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Resource Issues Face KPS
Linda Mah
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Resource Issues Face KPS

Bond, School Finance Study Will Impact District

By Dr. Michael Rice

There are two major resource issues for Kalamazoo Public Schools (KPS) students, staff, and community in 2018: a bond proposal on the May 8 ballot and a new state school financial adequacy study.

KPS Bond Proposal. On Jan. 25, the Kalamazoo Public Schools Board of Education approved the placement of a $96.7 million bond referendum on the May 8 ballot. If approved, the bond would permit the replacement of roofs, boilers, windows, doors, flooring, and other capital items at the end of their useful lives. It would fund more secure entrances in many schools in the district. It would fund the replacement of Edison Environmental Science Academy, the oldest school in continuous use in the district, constructed in 1923. It would fund new buses and computers. It would fund a new districtwide kitchen to help improve the quality of meals in the district for students, and a small but significant addition onto Phoenix High School.

Districts across the state often use bonds to fund major building and other capital items. KPS voters have consistently approved bonds over a period of years to help keep district buildings in good shape for students, staff, and community.

A New State Financial Adequacy Study. The School Finance Research Collaborative (SFRC) is a statewide coalition of business people and educators who believe that the school finance system in Michigan is outdated and needs to be replaced. In the spring, the SFRC contracted with the two top school financial adequacy firms in the country — Augenblich, Palaich, and Associates and Picus, Odden, and Associates — to produce a study on Michigan school finance and to recommend the strongest possible state school finance system.

In mid-January, the resultant study was published and disseminated. The study recommends the following:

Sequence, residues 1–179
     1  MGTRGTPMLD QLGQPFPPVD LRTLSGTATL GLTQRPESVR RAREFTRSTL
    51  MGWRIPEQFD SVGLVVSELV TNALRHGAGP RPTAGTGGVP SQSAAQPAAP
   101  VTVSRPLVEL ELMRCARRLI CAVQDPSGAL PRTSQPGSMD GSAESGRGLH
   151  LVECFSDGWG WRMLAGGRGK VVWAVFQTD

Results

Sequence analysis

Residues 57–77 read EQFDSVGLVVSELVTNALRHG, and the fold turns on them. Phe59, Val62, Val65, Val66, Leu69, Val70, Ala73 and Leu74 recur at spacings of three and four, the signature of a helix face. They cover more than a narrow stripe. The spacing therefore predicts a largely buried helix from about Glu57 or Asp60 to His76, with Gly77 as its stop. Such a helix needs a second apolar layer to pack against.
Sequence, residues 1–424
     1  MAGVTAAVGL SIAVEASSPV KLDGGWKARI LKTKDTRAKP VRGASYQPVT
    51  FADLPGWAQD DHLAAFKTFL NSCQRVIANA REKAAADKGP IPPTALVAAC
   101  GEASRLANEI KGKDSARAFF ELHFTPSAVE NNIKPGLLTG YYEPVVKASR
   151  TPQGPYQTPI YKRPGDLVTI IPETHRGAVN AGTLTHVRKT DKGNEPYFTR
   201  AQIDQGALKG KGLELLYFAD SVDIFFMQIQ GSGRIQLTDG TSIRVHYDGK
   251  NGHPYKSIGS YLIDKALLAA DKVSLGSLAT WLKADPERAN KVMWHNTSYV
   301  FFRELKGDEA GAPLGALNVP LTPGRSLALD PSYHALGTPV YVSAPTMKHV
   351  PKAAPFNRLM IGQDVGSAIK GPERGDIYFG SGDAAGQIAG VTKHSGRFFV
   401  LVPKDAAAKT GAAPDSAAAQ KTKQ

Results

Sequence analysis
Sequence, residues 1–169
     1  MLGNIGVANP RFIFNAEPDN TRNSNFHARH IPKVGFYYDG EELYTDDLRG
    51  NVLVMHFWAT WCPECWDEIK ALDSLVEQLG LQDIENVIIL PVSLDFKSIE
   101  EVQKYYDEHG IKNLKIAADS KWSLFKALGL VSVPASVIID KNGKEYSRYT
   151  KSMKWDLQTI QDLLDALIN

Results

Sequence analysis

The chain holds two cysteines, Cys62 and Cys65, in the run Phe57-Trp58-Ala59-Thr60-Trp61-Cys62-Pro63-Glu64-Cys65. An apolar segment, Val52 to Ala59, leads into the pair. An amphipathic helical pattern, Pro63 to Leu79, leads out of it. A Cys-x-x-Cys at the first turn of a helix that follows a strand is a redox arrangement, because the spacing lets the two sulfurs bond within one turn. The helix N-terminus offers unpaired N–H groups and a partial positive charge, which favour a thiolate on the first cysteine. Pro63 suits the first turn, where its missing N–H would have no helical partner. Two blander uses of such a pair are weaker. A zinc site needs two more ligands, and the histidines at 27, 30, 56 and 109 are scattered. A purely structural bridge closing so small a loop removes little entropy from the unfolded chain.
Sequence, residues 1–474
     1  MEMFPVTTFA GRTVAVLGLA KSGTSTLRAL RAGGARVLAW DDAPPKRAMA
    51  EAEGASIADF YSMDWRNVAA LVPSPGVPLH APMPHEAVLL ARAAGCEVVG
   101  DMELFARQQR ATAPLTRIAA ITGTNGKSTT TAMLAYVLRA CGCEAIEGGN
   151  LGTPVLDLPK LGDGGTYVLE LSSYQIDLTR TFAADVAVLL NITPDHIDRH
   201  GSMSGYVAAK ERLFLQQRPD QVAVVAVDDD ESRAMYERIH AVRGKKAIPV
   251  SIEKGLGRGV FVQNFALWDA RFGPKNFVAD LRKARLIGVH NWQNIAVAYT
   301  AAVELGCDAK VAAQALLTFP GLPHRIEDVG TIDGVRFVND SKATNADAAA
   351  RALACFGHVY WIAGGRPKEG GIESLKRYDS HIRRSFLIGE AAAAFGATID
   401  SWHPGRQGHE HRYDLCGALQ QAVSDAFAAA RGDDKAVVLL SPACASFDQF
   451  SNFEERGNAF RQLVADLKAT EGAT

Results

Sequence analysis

· Base funding of $9,590 per student in state, local, and federal funding for all students.

· An additional 35 percent beyond base funding — another $3,356 — for every poor student.

· Additional funds for English language learners based on the English language level of the individual student. For English language learners with very little English, the additional funding would be 70 percent more, or $6,713 per student. For those with somewhat greater English, the added funding would be 50 percent more, or $4,795 per student. For those with the ability to be mainstreamed in general education classrooms but who still require some continued support, the extra funding would be 35 percent more, or $3,356 per student.

· Additional funds for special needs students. These additional funds would be 70 percent more, or $6,713 for each child with a mild handicap or a disability, and 115 percent more, or $11,028 for each child with a moderate challenge. Children with severe special needs would have the added costs of their education fully reimbursed by the state under this study’s recommendations. · Pre-kindergarten for threeand four-year olds funded at $14,155 per full day student. Currently, pre-kindergarten is funded by the state at $3,625 for every half day, or $7,250 for full day.

· Additional funding of 4 percent, or $380, for each geographically isolated student. This is not an issue for KPS and other urban districts, but is an issue for districts in the Upper Peninsula.

· Transportation funding at $973 per transported student.

· In addition to the above recommendations, the report suggests added study in the following areas: capital needs of local school districts, who receive no funding from the state for such needs; more precise transportation needs, costs, and appropriate funding; and the costs of high-needs poverty students.

It has been an honor and pleasure to serve on the School Finance Research Collaborative Steering and Technical Committee and to play a very small role in making this new study a reality. I encourage you to review the study at the SFRC website and to share your thoughts with your locally elected state officials, whose responsibility it is each year to craft and approve a state budget that appropriately funds pre-K-12 school children across Michigan.

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